In its 2008 Biennial Health Insurance Survey the CF found that between 2003 and 2007 the number of underinsured adults with incomes of 200 percent or more of the federal poverty level ($40,000 per year for a family), nearly tripled from 4 million to 11.4 million.
The number of completely uninsured in this income category increased from 13 million to 16.6 million while the number of fully insured fell from 83 million to 73.9 million.
The situation is particularly acute among adults in the income category 200 percent to 299 percent of the federal poverty level, where the CF’s survey found 31 percent to be uninsured and 16 percent uninsured.
Including all income categories the CF found that among adults aged below 65, 28 percent had no insurance (49.5 million people) and 14 percent (25.2 million people) had inadequate insurance in 2007 – up from 26 percent and 9 percent respectively in 2003. People were defined as underinsured if they spent 10 percent or more of their income (or 5 percent if they were low-income) on out-of-pocket medical expenses, or if they had deductibles that equaled 5 percent or more of their income.
Being under- or uninsured had a number of serious consequences. One was that 53 percent of those underinsured and 68 percent of those uninsured went without needed care. In contrast only 31 percent of adequately insured adults went without such care.
Financial difficulties are another serious consequence. The CF found that 45 percent of under-insured and 51 percent of uninsured reported difficulty paying bills, being contacted by collection agencies for unpaid bills, or changing their way of life to pay medical bills. In contrast, only 21 percent of adequately insured adults reported financial stress related to medical bills.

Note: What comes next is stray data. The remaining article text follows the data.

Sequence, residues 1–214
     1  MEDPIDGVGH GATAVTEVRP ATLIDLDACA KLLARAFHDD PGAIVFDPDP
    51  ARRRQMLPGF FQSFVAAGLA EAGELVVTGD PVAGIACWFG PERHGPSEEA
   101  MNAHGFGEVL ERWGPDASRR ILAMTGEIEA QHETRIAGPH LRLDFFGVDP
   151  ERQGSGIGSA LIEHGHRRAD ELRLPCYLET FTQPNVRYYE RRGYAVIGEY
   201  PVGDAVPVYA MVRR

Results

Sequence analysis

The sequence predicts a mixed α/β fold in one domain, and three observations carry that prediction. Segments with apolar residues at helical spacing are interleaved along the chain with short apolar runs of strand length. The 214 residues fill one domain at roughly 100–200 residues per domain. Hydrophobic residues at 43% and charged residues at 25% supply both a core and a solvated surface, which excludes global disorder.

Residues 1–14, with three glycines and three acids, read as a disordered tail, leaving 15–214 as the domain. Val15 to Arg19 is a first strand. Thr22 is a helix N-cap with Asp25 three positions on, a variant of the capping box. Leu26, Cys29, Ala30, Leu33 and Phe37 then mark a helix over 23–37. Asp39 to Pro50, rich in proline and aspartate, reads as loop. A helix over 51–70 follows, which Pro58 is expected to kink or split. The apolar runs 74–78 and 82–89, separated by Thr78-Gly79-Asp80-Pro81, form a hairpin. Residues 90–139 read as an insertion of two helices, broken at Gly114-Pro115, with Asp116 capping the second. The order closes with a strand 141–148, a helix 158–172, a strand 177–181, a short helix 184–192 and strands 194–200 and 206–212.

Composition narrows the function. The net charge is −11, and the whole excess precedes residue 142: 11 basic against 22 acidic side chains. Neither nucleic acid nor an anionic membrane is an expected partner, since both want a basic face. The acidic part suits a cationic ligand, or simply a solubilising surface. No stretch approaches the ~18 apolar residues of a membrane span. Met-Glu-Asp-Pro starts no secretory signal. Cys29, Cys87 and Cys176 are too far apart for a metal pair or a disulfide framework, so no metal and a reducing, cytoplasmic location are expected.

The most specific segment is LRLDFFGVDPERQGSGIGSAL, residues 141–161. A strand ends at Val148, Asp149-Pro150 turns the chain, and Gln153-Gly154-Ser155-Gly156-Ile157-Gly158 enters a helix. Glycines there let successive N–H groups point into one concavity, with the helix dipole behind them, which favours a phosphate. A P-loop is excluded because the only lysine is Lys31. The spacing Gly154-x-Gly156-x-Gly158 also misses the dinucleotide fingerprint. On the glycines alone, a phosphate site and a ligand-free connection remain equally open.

Analysing the financial situation faced by many of those underinsured the authors said it was partly due to design changes in insurance benefits. In particular underinsured adults were more likely than those with adequate insurance to report benefit limits—for example, restrictions on the total amount a plan would pay for medical care or on the number of physicians’ visits allowed.
Underinsured adults were also far more likely to report high cost deductibles: 26 percent had annual per-person deductibles of $1,000 or more. However, despite benefit limits and higher deductibles the CF noted that underinsured adults often reported high annual premium costs, in line with those reported by more adequately insured people.
The study’s authors questioned the logic behind cost sharing between insured and insurer. They stressed that health care costs are highly concentrated among the sickest patients, with 10 percent of patients accounting for 64 percent of all spending. The healthiest half of the population accounts for only 3 percent of total spending.
“To the extent that higher cost sharing, particularly deductibles, is intended to create more prudent care decisions, the skewed distribution suggests that such a strategy will have little overall impact on spending,” concluded the authors.
However, they warned that the impact of higher cost sharing will be to increase the number of families at risk for medical debt and loss of savings for retirement, education or other long-term needs.
“Indeed, handling medical debt appears to be a new growth industry,” noted the CF study’s authors.
Notably, the proportion of families with health insurance that had out of pocket medical expenses of 10 percent or more of total family income increased from 7.1 percent in 2003 to 13.5 percent in 2007.